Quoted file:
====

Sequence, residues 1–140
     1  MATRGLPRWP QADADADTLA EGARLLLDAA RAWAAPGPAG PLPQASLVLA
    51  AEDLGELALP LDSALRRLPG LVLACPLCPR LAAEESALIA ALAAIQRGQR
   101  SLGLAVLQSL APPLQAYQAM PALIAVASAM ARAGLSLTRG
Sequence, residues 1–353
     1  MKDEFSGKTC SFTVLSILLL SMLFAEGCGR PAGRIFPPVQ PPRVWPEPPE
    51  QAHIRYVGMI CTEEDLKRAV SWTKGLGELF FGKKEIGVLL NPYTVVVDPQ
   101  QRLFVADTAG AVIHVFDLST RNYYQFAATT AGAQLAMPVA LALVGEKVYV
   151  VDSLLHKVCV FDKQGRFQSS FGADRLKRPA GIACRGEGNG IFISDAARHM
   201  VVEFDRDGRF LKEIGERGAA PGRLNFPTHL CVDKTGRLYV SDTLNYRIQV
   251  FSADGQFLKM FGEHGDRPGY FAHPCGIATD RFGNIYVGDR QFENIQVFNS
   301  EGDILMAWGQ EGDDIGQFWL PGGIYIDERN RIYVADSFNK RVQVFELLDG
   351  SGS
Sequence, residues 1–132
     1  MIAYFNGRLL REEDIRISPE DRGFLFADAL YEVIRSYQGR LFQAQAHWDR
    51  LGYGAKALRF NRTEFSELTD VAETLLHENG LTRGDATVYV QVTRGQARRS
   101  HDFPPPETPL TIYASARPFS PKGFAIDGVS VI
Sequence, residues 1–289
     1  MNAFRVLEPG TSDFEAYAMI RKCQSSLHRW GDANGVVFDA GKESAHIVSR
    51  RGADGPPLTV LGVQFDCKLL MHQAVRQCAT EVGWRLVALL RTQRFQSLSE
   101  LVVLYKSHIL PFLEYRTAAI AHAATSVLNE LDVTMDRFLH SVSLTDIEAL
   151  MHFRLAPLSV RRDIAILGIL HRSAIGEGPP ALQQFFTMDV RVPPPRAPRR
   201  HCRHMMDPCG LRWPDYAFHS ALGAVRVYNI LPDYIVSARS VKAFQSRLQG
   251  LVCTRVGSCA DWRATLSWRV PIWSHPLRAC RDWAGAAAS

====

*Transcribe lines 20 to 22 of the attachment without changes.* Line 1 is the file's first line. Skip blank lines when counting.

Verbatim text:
    51  RGADGPPLTV LGVQFDCKLL MHQAVRQCAT EVGWRLVALL RTQRFQSLSE
   101  LVVLYKSHIL PFLEYRTAAI AHAATSVLNE LDVTMDRFLH SVSLTDIEAL
   151  MHFRLAPLSV RRDIAILGIL HRSAIGEGPP ALQQFFTMDV RVPPPRAPRR